Merlot Marinara and Pizza Sauce

by Shawnda on May 18, 2015

in Condiments,DIY,Pasta, Rice, and Grains,Pizza,Summer Tomatoes,Wine

Merlot Marinara and Pizza Sauce

6 years ago, we made a trip across town and popped into a wine & beer supply store. About 4 months later, we yanked the cork off our first wine, a Riesling. And it was drinkable. Ish.

We had 28 bottles – nearly 5 full gallons – of “drinkable-ish.”

We made a lot of white sangria.

After bottling several varietals (and even dumping a few), we’ve settled in on a good, solid range of house wines: a drinkable riesling, a super smooth, lightly oaked merlot, and a knock-you-on-your-ass ruby Port.

The merlot isn’t just a drinkable rockstar, it’s also a superstar ingredient. During the summer, when the tomato bounty is plentiful, we like to make our “Merlot Marinara” – it can either be served over pasta or cooked longer to serve as a phenomenal pizza sauce. And I do mean phenomenal.

Merlot Marinara and Pizza Sauce

The process for making marinara sauce completely from scratch using fresh tomatoes (no canned stuff!) involves some hands-on work up front to get rid of the skins but the work is totally worth it. Don’t skimp or get sloppy – your tomatoes are going to be reduced drastically so what seems like it might be “just a few” seeds will really be noticeable in the concentrated, cooked down sauce.

Use the freshest tomatoes you can find. This isn’t hard to do in the summer and the sauce scales up easily (I’ve made 4 triple batches for the freezer this summer alone). We grew San Marzano tomatoes in our garden this year. They’re known for being rockstar tomatoes in their own right and make a killer pizza and pasta sauce.

Merlot Marinara and Pizza Sauce

Make the best homemade marinara and pizza sauce with fresh summer tomatoes and your favorite merlot.

Ingredients

  • 2 lbs summer plum tomatoes
  • 1 clove minced garlic
  • 1/3 cup merlot
  • 1/2 tsp dried Italian herbs
  • Salt
  • Pepper

Instructions

  1. Bring a large pot of water to boil. Fill a large bowl half full with ice and water. Set a fine mesh strainer over a third (medium) bowl.
  2. Using a paring knife, cut a shallow X into the bottom of each tomato - just deep enough to get through the skin.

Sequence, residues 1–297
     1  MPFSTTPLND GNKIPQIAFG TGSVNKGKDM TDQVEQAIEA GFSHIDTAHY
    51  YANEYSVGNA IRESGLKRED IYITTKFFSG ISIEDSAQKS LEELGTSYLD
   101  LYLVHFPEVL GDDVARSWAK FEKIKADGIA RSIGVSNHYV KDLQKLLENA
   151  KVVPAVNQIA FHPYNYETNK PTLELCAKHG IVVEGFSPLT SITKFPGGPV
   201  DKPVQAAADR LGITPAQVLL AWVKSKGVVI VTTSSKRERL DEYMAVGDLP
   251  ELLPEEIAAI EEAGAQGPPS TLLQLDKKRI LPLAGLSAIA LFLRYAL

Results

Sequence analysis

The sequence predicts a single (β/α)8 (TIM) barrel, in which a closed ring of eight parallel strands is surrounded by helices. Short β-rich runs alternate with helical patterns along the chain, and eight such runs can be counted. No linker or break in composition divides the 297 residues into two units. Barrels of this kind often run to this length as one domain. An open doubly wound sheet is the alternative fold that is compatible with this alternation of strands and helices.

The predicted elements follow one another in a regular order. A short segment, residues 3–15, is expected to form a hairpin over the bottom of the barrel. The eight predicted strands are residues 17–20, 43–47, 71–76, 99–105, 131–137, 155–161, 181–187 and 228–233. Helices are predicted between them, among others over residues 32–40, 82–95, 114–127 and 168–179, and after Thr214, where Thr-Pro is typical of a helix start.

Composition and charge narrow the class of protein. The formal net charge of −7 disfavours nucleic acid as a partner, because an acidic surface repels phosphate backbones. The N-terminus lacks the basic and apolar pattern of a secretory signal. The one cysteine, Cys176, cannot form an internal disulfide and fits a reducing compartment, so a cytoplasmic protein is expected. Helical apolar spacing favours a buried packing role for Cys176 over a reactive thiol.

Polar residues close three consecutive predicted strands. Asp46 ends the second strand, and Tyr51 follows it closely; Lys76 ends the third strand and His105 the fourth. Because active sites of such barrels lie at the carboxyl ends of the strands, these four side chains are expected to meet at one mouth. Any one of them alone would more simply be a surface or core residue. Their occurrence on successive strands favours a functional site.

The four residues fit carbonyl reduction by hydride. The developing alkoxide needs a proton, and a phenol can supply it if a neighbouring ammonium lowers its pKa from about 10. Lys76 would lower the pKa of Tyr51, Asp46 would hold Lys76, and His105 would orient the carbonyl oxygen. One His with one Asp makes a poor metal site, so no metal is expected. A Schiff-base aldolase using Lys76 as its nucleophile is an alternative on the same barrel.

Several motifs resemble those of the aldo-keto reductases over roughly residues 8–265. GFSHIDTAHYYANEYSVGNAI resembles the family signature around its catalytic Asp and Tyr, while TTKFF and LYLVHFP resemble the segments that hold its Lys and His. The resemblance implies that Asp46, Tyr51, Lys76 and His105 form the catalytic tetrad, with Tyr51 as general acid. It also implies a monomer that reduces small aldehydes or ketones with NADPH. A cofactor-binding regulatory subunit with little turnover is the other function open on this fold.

3. Working in batches if necessary, drop the tomatoes into the boiling water for 60-90 seconds and then use a slotted spoon to transfer the tomatoes to the bowl of ice water; allow to cool for a couple of minutes.
  4. Discard the boiling water and return the pan to the cooktop (heat should be off).
  5. Working over the bowl fitted with a fine strainer, peel and discard the skin from 4-6 tomatoes (depending on the size of your bowl). Break the tomato open with your hand, remove and discard the tough core, and give the tomatoes a few squeezes (don't wear white!) to break them apart.
  6. Using a spoon or stiff rubber/silicon spatula, vigoriously work the tomato solids through the strainer - you'll have fresh tomato sauce in the bowl and the tougher pulp and skins in the strainer. Discard the strained material and pour the tomato sauce into the pot. Repeat with remaining tomatoes.
  7. For a chunkier finished product, take 1/4-1/2 of the tomatoes and cut them open over the strainer. Pull out the core and scrape out all of the seeds over the strainer. Break the tomato up into pieces with your hands over the pot of pasta sauce.
  8. Over medium heat, simmer the tomato sauce, garlic, and merlot until reduced to desired consistency - about 45-60 minutes for pasta sauce and 90+ minutes for pizza sauce.
  9. Stir in dried Italian herb mix and season with a pinch salt and pepper to taste.

Notes

Yields: ~2/3 cup pizza sauce or ~1 1/4 cup marinara sauce

Source: Confections of a Foodie Bride

Estimated time: 2 hours 30 minutes

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Garden Fridays: It’s Peach Time!